• Bánh flan – Crème caramel custard flan made with eggs, milk, and sugar.
  • Kem – Vietnamese ice cream made with fruits like durian or coconut.
  • Trái cây – Fresh tropical fruit cubes doused with condensed milk.

The fruits, beans, coconut milk, tapioca, and rice flour used in these desserts make them naturally free of gluten.

Gluten-Free Vietnamese Brands and Products

When buying Vietnamese ingredients to prepare at home, look for these gluten-free brands:

Rice Noodles and Wraps

  • Three Ladies Brand rice noodles
  • T&T rice vermicelli
  • Thai Kitchen rice noodles
  • Annie Chun’s rice noodle soup bowls
  • Viet Wah rice paper wrappers

Gluten-Free Soy Sauce

  • Kikkoman gluten-free soy sauce
  • San-J Tamari
  • La Choy soy sauce
  • Coconut Secret coconut aminos

Broths and Condiments

  • Red Boat Fish Sauce
  • Tiparos Fish Sauce
  • Viet Huong fish sauce
  • Pacific Foods vegetable and chicken broth
  • Imagine No Moo gluten-free beef broth

Carefully inspecting labels of pre-made products allows you to enjoy Vietnamese flavors at home without medical consequences of gluten.

Dining Out Gluten-Free at Vietnamese Restaurants

Many Vietnamese restaurants offer gluten-free menu options. Some restaurants to look for nationwide include:

  • Phở Nha Trang – marked gluten-free pho options
  • Hu Tieu My Tho – pho and bun with rice noodles
  • Nha Hang Vietnam – broad gluten-free menu
  • Lac Viet – gluten-free pho and bun
  • Phở Cyclo – pho and vermicelli bowls prepared gluten-free

Larger cities like New York, Los Angeles, and Houston also have dedicated gluten-free Vietnamese restaurants to accommodate dietary needs.

Gluten-Free Vietnamese Recipes to Make at Home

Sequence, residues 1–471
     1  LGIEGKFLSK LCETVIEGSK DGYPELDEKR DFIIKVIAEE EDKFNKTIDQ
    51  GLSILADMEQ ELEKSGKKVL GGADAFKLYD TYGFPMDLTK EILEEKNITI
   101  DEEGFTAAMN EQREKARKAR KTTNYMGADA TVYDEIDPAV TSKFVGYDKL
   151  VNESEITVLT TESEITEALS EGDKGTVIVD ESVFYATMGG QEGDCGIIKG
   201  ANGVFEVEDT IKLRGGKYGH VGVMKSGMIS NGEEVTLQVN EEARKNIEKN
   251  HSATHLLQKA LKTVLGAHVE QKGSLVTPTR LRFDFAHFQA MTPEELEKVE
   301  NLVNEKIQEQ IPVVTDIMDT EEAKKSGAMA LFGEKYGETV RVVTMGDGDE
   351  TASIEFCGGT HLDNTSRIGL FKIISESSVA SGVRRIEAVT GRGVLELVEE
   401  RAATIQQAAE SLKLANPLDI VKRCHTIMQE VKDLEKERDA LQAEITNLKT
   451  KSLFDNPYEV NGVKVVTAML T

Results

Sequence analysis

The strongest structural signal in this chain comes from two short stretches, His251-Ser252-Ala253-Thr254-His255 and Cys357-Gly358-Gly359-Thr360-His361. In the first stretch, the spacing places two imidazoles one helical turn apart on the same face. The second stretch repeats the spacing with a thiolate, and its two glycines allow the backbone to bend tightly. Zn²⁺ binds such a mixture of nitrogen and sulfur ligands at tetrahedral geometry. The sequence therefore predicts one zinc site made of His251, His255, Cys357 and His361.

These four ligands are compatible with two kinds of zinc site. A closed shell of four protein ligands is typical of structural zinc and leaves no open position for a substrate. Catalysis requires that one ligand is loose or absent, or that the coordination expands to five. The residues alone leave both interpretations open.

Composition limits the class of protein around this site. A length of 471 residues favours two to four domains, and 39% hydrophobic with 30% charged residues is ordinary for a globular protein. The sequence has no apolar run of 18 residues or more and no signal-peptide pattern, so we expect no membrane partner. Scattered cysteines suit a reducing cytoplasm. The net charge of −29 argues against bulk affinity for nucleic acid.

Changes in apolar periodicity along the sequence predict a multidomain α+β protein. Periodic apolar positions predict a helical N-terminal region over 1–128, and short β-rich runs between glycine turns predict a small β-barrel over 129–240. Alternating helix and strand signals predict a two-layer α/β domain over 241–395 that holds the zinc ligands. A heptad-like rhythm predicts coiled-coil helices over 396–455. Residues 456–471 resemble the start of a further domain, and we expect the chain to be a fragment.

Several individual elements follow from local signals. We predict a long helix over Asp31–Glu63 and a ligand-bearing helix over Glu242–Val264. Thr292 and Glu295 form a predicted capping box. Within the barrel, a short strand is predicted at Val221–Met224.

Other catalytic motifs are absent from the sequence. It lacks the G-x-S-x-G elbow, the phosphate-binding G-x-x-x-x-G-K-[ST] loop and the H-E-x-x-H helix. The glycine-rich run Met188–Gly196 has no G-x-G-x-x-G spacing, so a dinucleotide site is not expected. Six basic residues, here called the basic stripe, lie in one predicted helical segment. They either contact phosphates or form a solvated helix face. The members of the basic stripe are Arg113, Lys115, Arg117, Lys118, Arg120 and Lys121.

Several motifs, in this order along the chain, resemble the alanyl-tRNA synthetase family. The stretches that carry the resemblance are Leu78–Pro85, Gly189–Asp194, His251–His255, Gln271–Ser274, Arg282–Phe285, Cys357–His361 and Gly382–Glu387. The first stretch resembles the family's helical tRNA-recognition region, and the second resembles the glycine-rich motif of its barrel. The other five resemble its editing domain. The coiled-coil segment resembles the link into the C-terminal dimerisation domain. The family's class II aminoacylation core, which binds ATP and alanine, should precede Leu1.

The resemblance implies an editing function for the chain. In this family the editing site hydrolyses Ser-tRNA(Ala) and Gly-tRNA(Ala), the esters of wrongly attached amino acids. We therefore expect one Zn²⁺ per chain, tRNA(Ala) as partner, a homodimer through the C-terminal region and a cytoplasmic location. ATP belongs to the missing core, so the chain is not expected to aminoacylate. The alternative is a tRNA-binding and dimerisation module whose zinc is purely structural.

Cooking traditional Vietnamese dishes at home enables you to control how much gluten goes into each meal. Here are some gluten-free recipes worth trying:

Pho Ga (Chicken Noodle Soup)

This classic noodle soup comes together with chicken, rice noodles, onion, cilantro, and spices in a savory broth. Adaptations like using gluten-free soy sauce or tamari make it gluten-free.

Bánh Xèo (Vietnamese Crepes)

Crispy turmeric crepes can be filled with pork, shrimp, bean sprouts and herbs. Swap the wheat flour for rice flour and cook in dedicated gluten-free oil.

Gỏi Đu Đủ (Green Papaya Salad)

Shredded green papaya and carrots tossed in a tangy sauce with peanuts and shrimp. Use gluten-free fish sauce and lime juice for the dressing.

Bún Chả (Grilled Pork with Rice Noodles)

This Hanoi street food features charcoal grilled pork with a vinegar dipping sauce. It’s naturally gluten-free served over rice vermicelli.


Vietnamese cuisine offers bright, fresh flavors for gluten-free eaters. Hidden sources like wheat noodles, soy sauce, fish sauce, and cooking oils can contain gluten. But dishes centered around rice, herbs, proteins, broths, and vegetables are naturally gluten-free. With some simple ingredient swaps and awareness when dining out, you can safely enjoy wonderful Vietnamese food.